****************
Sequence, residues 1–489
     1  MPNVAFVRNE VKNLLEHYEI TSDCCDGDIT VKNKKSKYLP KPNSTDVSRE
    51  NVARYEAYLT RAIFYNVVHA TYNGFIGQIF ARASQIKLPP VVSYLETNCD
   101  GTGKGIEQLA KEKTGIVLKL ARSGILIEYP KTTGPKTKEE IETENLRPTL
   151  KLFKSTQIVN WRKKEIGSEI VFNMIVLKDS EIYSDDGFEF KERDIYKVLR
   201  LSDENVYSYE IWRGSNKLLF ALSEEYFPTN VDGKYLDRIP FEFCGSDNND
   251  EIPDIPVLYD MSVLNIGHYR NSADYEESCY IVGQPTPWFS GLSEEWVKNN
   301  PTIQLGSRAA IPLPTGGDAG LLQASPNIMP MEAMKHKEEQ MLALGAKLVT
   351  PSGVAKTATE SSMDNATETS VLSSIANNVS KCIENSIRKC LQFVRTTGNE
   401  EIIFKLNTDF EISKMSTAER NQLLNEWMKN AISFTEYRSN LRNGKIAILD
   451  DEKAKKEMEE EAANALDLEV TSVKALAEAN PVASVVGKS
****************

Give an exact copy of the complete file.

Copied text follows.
Sequence, residues 1–489
     1  MPNVAFVRNE VKNLLEHYEI TSDCCDGDIT VKNKKSKYLP KPNSTDVSRE
    51  NVARYEAYLT RAIFYNVVHA TYNGFIGQIF ARASQIKLPP VVSYLETNCD
   101  GTGKGIEQLA KEKTGIVLKL ARSGILIEYP KTTGPKTKEE IETENLRPTL
   151  KLFKSTQIVN WRKKEIGSEI VFNMIVLKDS EIYSDDGFEF KERDIYKVLR
   201  LSDENVYSYE IWRGSNKLLF ALSEEYFPTN VDGKYLDRIP FEFCGSDNND
   251  EIPDIPVLYD MSVLNIGHYR NSADYEESCY IVGQPTPWFS GLSEEWVKNN
   301  PTIQLGSRAA IPLPTGGDAG LLQASPNIMP MEAMKHKEEQ MLALGAKLVT
   351  PSGVAKTATE SSMDNATETS VLSSIANNVS KCIENSIRKC LQFVRTTGNE
   401  EIIFKLNTDF EISKMSTAER NQLLNEWMKN AISFTEYRSN LRNGKIAILD
   451  DEKAKKEMEE EAANALDLEV TSVKALAEAN PVASVVGKS